On the other hand, the previous financial year estimates have the major conceptual advantage of being annual estimates with more complete coverage of income components. They have a longer time perspective, which while allowing short-term fluctuations in income to have an influence, do not allow short-term situations to potentially dominate the measure being compiled. If a short-term fluctuation has an undue influence on a current income measure, the measure is not a good indicator of underlying economic wellbeing.


The previous financial year income estimates also have the attraction of being internally consistent with respect to the time periods to which the underlying income data relate. Prior to 2003-04, the total current income estimates were compiled from a mix of data collected on a current basis and on a previous financial year basis. This short-coming was addressed in 2003-04, and subsequent years, with the current income estimates for business and investment income being the respondents' estimates of income for the full current financial year.


When analysing previous financial year data, it should be noted that the composition of the household, employment status of members of the household, etc., all relate to the current period. If the composition of the household has changed, previous financial year household income estimates relate to a quasi household. In many cases this will not have a marked effect on the data. If, for example, an additional adult joined the household, their previous financial year income will be included in total 'household' income for the previous financial year, but their presence will be reflected in the household composition data that are used for calculating the equivalising factor for that previous year, muting the impact of the artificially inflated previous year income for the household.


However, the impact of household composition changing between the previous and current years can be more marked. For example, a household may have had an additional member in the previous year and that person may have provided the bulk of the income for the household. But since SIH can only include the previous financial year income of the household members remaining at the time of interview, the household may incorrectly appear to have had very low income in the previous year, perhaps well below the levels which would have entitled members to social security benefits.


Similarly, prior to the 2003-04 SIH, previous financial year data were not collected for respondents who had only arrived in Australia in the current financial year. Therefore any previous financial year income they received while overseas did not contribute to the previous financial year income compiled for the household for 2001-02 and earlier years. But their presence is reflected in the equivalising factor applied to the income of the rest of the household, resulting in an underestimate of equivalised income of the household. While it is possible to omit such households from income distribution calculations, that has not been done for the tables included in this appendix.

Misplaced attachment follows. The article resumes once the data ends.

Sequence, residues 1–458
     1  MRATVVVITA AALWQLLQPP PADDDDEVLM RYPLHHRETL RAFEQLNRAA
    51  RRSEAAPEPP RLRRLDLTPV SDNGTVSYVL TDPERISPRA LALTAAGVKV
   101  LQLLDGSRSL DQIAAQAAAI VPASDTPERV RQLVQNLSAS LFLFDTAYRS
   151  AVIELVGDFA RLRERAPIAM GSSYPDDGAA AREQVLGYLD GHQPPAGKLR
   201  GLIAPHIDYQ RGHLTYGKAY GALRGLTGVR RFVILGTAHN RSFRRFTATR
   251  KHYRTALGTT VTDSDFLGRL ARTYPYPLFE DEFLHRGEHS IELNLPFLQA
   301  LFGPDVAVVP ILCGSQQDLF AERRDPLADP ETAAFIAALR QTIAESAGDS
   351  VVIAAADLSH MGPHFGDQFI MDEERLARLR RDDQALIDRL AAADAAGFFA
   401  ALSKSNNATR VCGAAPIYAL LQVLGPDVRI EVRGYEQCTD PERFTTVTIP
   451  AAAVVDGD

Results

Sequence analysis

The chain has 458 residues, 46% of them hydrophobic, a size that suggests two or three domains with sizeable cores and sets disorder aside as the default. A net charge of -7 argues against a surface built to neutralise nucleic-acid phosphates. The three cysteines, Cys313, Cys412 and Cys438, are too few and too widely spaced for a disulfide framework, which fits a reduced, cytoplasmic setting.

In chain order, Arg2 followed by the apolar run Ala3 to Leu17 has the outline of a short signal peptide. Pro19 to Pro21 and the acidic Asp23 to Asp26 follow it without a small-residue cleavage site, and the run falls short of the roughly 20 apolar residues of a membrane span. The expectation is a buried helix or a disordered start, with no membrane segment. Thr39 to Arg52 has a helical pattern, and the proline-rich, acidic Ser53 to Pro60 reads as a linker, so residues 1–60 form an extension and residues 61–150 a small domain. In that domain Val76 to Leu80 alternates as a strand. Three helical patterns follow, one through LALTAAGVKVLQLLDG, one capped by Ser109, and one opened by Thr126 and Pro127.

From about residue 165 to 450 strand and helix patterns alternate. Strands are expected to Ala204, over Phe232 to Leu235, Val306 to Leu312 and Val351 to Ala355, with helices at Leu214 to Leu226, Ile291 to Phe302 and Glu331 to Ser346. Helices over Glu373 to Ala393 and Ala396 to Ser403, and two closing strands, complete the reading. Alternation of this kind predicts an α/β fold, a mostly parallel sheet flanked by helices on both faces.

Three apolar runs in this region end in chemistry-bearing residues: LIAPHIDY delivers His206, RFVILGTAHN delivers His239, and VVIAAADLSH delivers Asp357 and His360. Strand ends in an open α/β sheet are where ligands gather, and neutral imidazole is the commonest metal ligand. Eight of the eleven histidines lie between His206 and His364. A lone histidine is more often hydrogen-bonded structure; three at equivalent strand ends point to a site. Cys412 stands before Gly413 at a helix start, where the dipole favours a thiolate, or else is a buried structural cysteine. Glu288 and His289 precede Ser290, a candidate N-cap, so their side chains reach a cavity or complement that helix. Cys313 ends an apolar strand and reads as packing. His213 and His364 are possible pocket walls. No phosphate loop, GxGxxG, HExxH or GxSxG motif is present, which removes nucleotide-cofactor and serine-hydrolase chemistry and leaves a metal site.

Table A4 in this appendix provides income distribution indicators compiled from previous financial year data. It provides alternative estimates to the current income estimates provided in Table 1 in the main body of this publication.


Comparisons can be made between the two tables for the reference periods 1994-95 to 2002-2003, and a summary is given in Table A2 below.

A2. Selected income distribution indicators, Equivalised disposable household income

Current income basis
Previous financial year basis


1994-95
2002-03
% change
1994-95
2002-03
% change
Difference
in % change

Mean income per week, in 2005-06 dollars
Low income(a) $
260
292
12.2
264
296
12.0
-0.2
High income(b) $
910
1 056
16.0
926
1 089
17.6
1.6
Income shares
Low income(a) %
10.8
10.6
-2.2
10.7
10.5
-2.4
-0.3
High income(b) %
37.8
38.3
1.2
37.6
38.5
2.3
1.1
Percentile ratios
P90/P10 ratio
3.78
4.00
5.9
3.90
4.03
3.5
-2.4
P80/P20 ratio
2.56
2.63
3.1
2.62
2.64
0.7
-2.4
Gini coefficient no.
0.302
0.309
2.3
0.302
0.313
3.5
1.3

(a) Persons in the 2nd and 3rd income deciles after being ranked by their equivalised disposable household income
(b) Persons in the top income quintile (9th and 10th deciles) after being ranked by their equivalised disposable household income